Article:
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Review Article

Antibody-based Radiopharmaceuticals as Theranostic Agents: An Overview

[ Vol. 29 , Issue. 38 ]


Rohit Sharma, Shishu K. Suman and Archana Mukherjee*   Pages 5979 - 6005 ( 27 )


Since the inception of antibodies as magic bullets for targeting antigens with high specificity for various in vitro and in-vivo detection and therapy applications, the field has evolved, and remarkable success has been achieved not only in the methods of development of these targeting agents but also in their applications. The utilization of these moieties for the development of antibody-based radiopharmaceuticals for diagnostic and therapy (theranostic) purposes has resulted in the availability of various cancer-targeting agents suitable for clinical applications. The high affinity and specificity of antibodies towards the target antigens overexpressed on tumors render them an excellent carrier molecules for radionuclide delivery. Although intact antibodies have high potential as imaging and therapeutic agents, a major drawback of intact antibody-based radionuclide targeting is their slow pharmacokinetics and poor penetration into solid tumors. In contrast to large intact antibodies, engineered antibody fragments, such as minibodies, diabodies, single-chain variable region fragments (scFvs), nanobodies, and non-antibody protein scaffolds-based moieties, retain the specificities and affinities of intact antibodies in addition to improved pharmacokinetics for imaging and therapy of solid tumors. These engineered carrier molecules are not only amenable for simple and robust radiolabeling procedures but also provide high contrast images with minimal radiotoxicity to vital organs. However, in various instances, rapid clearance with sub-optimal tumor accumulation, limiting renal dose, and cross-reactivity of these radiolabeled engineered smaller molecules have also been observed. Herein, we review current knowledge of the recent methods for the development of antibody-based targeting moieties, the suitability of various engineered formats for targeting tumors, and radiolabeling strategies for the development of radioformulations. We discuss promising antibody-based and non-antibody- based affibody radiopharmaceuticals reported for clinical applications. Finally, we highlight how emerging technologies in antibody engineering and drug development can be amalgamated for designing novel strategies for cancer imaging and therapy.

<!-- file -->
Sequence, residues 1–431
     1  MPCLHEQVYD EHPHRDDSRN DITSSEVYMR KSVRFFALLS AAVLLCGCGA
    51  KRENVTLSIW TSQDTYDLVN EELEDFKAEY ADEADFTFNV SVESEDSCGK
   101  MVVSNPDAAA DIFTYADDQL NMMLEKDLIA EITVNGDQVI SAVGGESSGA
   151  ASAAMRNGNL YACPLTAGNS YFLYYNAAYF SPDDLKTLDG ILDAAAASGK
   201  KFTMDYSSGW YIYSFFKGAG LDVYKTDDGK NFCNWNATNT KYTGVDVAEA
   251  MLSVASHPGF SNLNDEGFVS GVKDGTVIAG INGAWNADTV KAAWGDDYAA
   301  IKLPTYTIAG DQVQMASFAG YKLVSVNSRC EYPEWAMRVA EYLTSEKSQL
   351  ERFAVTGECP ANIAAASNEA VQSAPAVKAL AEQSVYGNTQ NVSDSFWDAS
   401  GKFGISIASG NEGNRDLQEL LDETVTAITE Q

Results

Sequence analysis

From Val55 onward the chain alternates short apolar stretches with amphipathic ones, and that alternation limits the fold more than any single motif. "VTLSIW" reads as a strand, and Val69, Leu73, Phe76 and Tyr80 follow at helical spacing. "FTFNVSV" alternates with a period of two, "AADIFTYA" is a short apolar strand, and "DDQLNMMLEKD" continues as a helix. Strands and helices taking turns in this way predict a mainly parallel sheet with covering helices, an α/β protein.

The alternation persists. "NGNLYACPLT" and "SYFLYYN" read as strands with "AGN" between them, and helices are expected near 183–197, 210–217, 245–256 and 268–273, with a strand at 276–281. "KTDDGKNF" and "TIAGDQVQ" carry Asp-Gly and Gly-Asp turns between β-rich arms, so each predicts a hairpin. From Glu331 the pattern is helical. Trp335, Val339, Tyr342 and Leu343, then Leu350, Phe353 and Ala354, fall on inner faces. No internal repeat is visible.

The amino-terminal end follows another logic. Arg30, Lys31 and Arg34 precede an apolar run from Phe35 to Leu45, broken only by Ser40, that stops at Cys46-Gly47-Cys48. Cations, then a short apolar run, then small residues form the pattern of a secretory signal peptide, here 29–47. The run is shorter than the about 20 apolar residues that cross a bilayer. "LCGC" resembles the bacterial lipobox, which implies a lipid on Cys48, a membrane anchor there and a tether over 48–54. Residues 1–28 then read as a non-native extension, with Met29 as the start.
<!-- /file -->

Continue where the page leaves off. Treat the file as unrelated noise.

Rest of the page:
Radiolabeled antibodies, radiolabeled antibody fragments, theranostic radiopharmaceuticals, radiolabeled affibodies, antibody-based small molecules, pharmacokinetics.


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